If the film has a weakness it is in the script which adds sequences that don’t have the same ring of authenticity, such as the turkey theft that ends with a policemen baying like a dog. For a depression era film, with people starving, it also does not feel gritty or the people desperate or hungry enough. In fact, some of it looks quite glamorous. However, when the film concentrates upon the contest between Marvin and Borgnine, adding the beautiful rural locations and the always wonderful sight of steam engines at top speed, it is never less than entertaining.

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Transfer Quality


     Emperor of the North is presented in an aspect ratio of 1.85:1, its original ratio, and is 16x9 enhanced.

     This is a very sharp looking print. The colours are muted, but have good depth and the greens and browns look very natural. Skin tones are good and the close ups of the craggy faces of Marvin and Borgnine have excellent sharpness, with every whisker, dirt mark and sweat drop finely detailed. Brightness and contrast are generally consistent, blacks and shadow detail very good indeed.

     There were minor artefacts, such as dirt marks and scratches, as well as film grain. However, none were too distracting.

     There are no subtitles available.

Video Ratings Summary
Shadow Detail
Film-To-Video Artefacts
Film Artefacts


     Audio is an English Dolby Digital 2.0 mono at 224 Kbps. Dialogue was mostly clear although sometimes it was a bit soft and the accents made it hard to hear what was being said. The lack of subtitles doesn’t help here. The Foley effects are acceptable. I did not notice any hiss or distortion. There was no surround or subwoofer use.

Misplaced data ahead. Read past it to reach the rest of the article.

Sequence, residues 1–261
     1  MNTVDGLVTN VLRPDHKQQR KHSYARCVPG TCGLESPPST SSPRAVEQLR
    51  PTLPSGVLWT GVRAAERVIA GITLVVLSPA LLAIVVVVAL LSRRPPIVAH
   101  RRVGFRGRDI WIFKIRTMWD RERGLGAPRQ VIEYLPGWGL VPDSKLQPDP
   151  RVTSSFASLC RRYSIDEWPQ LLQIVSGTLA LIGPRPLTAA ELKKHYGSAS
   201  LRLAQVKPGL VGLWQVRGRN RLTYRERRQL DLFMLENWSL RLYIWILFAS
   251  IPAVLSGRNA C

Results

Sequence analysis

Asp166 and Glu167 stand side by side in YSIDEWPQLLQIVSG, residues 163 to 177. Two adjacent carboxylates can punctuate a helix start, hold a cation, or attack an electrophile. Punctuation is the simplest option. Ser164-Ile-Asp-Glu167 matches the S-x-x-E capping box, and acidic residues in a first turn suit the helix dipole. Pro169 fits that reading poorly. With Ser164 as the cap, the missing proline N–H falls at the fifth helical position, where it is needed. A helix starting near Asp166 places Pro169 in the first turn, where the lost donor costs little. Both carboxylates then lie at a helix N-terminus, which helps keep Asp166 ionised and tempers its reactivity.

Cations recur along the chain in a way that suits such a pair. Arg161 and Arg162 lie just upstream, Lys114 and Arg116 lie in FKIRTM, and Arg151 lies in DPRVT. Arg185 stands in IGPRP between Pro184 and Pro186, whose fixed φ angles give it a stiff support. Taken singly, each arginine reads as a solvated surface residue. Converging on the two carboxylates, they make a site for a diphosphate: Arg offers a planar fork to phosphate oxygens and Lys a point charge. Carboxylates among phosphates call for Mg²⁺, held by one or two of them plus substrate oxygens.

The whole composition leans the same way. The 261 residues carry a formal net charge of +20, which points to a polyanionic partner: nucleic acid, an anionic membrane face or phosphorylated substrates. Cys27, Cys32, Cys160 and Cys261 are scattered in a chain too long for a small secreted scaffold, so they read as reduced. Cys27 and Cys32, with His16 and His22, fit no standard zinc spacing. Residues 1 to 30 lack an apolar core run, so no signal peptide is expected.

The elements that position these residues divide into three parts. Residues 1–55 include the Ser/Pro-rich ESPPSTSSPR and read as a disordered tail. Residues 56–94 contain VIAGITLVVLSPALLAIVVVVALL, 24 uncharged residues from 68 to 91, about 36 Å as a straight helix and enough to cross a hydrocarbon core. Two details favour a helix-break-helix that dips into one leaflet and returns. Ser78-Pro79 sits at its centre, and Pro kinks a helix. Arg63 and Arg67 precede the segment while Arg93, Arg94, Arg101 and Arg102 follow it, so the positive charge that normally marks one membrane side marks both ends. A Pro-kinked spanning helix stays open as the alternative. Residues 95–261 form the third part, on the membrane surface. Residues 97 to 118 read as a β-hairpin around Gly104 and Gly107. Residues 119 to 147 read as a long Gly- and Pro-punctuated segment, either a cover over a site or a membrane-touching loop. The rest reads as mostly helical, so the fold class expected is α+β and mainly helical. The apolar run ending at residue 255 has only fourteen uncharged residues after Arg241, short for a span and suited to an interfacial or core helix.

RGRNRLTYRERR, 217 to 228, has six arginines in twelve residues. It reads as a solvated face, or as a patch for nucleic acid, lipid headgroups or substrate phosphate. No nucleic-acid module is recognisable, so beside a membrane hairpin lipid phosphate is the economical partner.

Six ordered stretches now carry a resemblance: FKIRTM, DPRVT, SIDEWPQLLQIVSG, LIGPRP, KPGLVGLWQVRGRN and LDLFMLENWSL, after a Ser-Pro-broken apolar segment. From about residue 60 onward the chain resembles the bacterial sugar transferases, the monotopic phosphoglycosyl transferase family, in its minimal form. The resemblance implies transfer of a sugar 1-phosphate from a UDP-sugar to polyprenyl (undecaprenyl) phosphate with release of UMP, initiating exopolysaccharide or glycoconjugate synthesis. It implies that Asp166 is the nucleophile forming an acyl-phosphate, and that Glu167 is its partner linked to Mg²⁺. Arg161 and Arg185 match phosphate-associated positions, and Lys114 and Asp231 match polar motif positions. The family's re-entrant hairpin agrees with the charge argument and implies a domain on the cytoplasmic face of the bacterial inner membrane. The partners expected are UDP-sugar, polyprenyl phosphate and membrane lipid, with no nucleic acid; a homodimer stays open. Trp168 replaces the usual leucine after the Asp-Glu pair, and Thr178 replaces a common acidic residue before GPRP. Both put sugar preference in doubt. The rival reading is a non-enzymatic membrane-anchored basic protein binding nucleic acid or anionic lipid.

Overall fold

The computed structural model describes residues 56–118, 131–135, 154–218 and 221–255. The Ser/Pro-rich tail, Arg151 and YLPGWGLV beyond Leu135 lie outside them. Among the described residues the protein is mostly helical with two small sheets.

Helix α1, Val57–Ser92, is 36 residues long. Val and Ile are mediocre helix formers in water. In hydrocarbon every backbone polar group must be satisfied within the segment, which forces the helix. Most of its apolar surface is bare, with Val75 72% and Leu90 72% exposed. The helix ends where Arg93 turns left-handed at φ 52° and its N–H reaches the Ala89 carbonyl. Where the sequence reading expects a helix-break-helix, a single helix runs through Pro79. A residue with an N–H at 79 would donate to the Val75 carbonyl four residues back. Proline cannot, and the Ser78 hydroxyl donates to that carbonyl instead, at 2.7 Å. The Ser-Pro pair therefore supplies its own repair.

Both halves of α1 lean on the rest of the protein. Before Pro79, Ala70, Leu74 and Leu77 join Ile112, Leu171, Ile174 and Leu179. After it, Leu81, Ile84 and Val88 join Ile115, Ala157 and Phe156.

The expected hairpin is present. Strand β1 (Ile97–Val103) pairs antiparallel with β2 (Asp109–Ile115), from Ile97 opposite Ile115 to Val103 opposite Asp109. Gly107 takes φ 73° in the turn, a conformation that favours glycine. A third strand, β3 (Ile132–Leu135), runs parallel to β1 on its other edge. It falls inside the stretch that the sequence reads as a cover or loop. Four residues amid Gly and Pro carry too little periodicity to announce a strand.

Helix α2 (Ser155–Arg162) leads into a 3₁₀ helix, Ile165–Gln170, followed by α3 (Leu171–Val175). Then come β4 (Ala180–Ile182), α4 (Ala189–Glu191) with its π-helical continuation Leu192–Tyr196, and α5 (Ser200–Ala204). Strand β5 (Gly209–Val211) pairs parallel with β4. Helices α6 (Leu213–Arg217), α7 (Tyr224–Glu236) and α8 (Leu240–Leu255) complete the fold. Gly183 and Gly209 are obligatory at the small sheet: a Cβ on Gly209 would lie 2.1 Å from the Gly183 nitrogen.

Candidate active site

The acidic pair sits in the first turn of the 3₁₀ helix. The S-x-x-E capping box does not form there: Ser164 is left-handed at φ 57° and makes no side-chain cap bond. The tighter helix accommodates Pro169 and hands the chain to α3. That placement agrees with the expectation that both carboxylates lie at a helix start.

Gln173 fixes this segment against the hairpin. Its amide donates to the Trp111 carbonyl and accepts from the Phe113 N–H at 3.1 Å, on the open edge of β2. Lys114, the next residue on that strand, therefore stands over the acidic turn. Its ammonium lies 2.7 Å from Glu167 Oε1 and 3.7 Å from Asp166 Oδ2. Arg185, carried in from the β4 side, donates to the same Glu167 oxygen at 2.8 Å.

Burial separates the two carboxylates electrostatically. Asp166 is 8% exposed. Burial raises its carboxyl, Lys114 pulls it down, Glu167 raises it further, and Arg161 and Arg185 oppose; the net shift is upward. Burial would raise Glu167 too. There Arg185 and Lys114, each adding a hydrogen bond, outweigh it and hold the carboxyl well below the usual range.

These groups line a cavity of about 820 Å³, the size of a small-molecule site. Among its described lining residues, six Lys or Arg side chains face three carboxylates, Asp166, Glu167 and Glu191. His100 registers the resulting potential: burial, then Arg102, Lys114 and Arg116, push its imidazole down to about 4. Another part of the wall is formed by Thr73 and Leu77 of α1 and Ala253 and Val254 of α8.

The score by Frank DeVol was neither memorable nor distracting however the opening theme song A Man and a Train, sung by Marty Robbins with lyrics by Hal David and music by Frank DeVol does sound somewhat dated.

     Lip synchronization was fine.

Audio Ratings Summary
Audio Sync
Surround Channel Use


     Nothing, not even a trailer.

R4 vs R1

NOTE: To view non-R4 releases, your equipment needs to be multi-zone compatible and usually also NTSC compatible.

     The Region 1 US release has an audio commentary by film historian Dana Polan, a theatrical trailer and 2 TV Spots as well as English and Spanish subtitles. From reviews the video is similar (but NTSC) and there is an English 2.0 stereo plus English, Spanish and French mono audio tracks and English and Spanish subtitles. The extras would make the Region 1 the version of choice.


     Emperor of the North reteams director Robert Aldrich with two of his The Dirty Dozen (1967) hard men stars, Lee Marvin and Ernest Borgnine, in a depression era action drama, with steam trains. It is a good looking film, with excellent performances, that deserves to be better known. The video is very good, the audio fine but there are no extras, unlike the Region 1 US edition.

     Note: if you are looking for this DVD in the store the spine, under a picture of the grizzled Lee Marvin, actually says North of the Emperor although the front cover shows the correct title.

Ratings (out of 5)


© Ray Nyland (the bio is the thing)
Saturday, December 18, 2010
Review Equipment
DVDSony BDP-S350, using HDMI output
DisplayLG 42inch Hi-Def LCD. This display device has not been calibrated. This display device is 16x9 capable. This display device has a maximum native resolution of 1080p.
Audio DecoderNAD T737. This audio decoder/receiver has not been calibrated.
AmplificationNAD T737
SpeakersStudio Acoustics 5.1

Other Reviews NONE